What’s a conjunction?

EarthSky community member Tom Wildoner explains the term “conjunction” in astronomy and provides an illustration.

Example of a conjunction involving Venus and the Pleiades cluster.

Example of a conjunction involving Venus and the Pleiades cluster, via Tom Wildoner at

Article and photos re-printed with permission from

[Editor’s Note: Conjunctions between the moon and planets happen each month. Check our Guide to the Bright Planets article for details. Precisely speaking, in astronomy, a conjunction occurs when two sky objects have the same right ascension or the same ecliptic longitude, as observed from Earth.]

Conjunctions occur all the time, some spectacular, others routine. Most involve the moon. In astronomical terms, a conjunction involves the close approach of two or more solar system bodies or a close approach of a single solar system body with another object in the sky (like a star cluster or bright star).

It’s important to remember that these conjunctions are only from our perspective here on the planet Earth, the objects are never actually close together. An example is the conjunction depicted on this page, between the planet Venus and the Pleiades star cluster in the constellation Taurus. This conjunction took place on April 12, 2015.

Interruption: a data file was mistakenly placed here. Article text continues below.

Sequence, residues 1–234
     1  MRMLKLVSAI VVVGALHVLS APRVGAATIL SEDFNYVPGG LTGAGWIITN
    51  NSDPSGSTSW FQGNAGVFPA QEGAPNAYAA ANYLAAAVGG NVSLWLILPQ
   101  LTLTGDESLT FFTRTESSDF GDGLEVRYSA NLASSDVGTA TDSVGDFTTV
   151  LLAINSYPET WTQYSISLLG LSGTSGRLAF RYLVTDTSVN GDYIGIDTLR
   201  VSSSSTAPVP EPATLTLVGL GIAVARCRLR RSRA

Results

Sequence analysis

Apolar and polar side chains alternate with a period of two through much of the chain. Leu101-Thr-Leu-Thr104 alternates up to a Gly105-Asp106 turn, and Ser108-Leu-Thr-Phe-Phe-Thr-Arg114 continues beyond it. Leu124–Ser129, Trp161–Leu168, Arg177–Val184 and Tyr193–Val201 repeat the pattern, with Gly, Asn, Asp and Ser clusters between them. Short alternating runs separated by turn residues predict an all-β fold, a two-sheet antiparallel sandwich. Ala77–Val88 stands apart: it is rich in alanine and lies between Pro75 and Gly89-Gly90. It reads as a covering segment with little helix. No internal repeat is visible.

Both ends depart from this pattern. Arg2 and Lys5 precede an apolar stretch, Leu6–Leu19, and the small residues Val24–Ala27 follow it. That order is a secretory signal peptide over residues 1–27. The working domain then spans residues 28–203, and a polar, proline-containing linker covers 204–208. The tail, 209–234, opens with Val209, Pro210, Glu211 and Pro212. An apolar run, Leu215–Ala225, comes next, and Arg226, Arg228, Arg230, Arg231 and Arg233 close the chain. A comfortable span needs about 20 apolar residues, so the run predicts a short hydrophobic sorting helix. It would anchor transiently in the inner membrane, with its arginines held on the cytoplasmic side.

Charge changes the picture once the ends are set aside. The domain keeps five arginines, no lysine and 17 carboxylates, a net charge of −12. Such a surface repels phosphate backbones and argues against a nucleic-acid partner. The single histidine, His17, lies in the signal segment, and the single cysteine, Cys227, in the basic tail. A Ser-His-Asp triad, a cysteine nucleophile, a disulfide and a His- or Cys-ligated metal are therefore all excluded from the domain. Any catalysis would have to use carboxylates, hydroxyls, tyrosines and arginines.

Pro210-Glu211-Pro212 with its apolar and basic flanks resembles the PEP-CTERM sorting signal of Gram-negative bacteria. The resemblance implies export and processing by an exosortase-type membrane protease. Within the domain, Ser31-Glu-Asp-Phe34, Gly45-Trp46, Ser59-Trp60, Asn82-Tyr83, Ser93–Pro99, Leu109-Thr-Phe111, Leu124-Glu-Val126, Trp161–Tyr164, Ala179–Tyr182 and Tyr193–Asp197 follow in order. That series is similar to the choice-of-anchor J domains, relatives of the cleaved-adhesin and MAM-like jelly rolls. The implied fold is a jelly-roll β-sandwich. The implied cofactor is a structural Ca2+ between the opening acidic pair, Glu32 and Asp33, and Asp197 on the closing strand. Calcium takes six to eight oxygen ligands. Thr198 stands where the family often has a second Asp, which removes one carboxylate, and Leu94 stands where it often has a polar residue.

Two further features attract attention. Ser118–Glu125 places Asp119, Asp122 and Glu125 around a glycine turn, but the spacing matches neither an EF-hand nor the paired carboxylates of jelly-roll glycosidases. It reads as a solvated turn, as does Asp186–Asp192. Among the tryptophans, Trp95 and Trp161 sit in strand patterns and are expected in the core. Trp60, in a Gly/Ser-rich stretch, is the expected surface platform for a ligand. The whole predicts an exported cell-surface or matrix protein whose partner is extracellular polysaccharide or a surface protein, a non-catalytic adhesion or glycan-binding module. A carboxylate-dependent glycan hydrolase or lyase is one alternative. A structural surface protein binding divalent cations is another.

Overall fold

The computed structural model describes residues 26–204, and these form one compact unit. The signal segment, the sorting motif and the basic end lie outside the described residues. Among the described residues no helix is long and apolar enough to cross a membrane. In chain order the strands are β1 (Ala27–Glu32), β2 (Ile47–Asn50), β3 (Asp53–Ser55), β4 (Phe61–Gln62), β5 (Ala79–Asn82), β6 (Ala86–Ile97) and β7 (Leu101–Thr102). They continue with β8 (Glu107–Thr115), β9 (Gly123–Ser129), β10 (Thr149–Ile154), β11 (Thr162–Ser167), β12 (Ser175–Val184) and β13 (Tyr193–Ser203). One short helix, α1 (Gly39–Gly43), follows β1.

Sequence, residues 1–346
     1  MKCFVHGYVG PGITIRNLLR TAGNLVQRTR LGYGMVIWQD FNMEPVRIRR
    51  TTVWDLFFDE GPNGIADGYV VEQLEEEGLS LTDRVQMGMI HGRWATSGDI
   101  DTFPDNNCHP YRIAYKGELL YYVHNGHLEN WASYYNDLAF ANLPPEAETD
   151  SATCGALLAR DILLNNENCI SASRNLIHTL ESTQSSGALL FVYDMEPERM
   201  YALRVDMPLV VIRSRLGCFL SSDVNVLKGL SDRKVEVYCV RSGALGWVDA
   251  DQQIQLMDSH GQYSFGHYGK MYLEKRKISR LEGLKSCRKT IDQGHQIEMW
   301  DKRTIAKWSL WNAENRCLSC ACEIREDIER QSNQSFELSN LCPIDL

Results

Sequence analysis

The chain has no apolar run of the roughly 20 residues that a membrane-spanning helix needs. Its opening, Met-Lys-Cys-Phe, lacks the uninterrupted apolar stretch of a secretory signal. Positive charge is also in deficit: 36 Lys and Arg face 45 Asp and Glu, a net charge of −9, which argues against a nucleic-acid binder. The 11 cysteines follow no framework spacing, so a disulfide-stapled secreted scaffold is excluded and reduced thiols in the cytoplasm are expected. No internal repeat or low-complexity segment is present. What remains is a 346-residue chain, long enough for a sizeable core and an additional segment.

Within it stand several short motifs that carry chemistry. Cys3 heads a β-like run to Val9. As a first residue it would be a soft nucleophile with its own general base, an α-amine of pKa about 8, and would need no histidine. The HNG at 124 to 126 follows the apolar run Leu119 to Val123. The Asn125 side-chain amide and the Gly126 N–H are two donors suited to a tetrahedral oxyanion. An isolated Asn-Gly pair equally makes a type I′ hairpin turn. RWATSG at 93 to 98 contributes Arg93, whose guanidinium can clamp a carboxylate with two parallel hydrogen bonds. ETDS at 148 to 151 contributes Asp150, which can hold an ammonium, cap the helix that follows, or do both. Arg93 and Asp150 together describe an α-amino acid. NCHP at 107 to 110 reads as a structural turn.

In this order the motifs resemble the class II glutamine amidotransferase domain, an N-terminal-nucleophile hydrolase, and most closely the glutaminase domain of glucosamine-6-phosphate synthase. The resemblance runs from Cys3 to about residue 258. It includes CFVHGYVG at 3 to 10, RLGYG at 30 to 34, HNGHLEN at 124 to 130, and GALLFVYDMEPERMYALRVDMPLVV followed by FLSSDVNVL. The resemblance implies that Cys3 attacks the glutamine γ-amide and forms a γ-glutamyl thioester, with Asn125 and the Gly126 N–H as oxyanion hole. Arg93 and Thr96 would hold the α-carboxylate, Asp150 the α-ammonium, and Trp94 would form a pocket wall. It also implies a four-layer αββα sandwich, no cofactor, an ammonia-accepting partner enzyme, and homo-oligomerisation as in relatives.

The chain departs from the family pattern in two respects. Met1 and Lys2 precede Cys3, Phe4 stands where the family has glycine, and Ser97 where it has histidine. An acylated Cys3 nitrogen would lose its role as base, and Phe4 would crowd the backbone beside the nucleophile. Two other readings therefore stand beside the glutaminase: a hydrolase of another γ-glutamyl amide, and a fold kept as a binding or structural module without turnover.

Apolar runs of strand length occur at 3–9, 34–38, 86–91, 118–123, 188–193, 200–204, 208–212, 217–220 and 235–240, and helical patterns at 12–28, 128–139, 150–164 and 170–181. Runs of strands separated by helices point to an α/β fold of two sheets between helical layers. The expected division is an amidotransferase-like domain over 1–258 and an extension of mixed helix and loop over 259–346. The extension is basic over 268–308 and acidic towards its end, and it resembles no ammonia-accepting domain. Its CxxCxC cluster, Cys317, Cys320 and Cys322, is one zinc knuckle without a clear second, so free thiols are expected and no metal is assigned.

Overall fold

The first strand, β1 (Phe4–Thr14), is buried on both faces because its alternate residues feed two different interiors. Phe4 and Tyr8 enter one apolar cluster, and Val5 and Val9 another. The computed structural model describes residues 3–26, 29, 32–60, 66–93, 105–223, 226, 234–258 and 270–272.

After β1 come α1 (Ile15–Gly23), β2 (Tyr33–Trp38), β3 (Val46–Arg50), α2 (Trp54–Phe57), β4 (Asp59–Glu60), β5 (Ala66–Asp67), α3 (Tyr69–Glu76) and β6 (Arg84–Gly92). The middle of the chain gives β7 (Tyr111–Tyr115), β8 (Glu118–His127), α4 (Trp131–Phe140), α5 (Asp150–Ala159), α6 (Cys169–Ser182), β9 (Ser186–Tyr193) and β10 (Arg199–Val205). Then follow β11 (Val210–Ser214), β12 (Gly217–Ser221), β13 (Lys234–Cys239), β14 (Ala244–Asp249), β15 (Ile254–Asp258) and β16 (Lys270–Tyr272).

The Pleiades actually lie about 440 light years behind Venus in the night sky, but from our perspective they appeared to be side-by-side.

The photo below was taken using a Canon 6D and 100mm lens, unguided and tripod mounted. There was a thin layer of clouds at the time the photo was taken, I think it adds a nice effect to the photo.

Photo taken by Tom Wildoner on April 12, 2015 of the conjunction of Venus and the Pleiades Star Cluster.

Look back at the illustration above, and then look at this real photo of an April 12, 2015 conjunction of Venus and the Pleiades star cluster. Photo via Tom Wildoner at

Bottom line: Illustrations of the astronomical term conjunction.

EarthSky Voices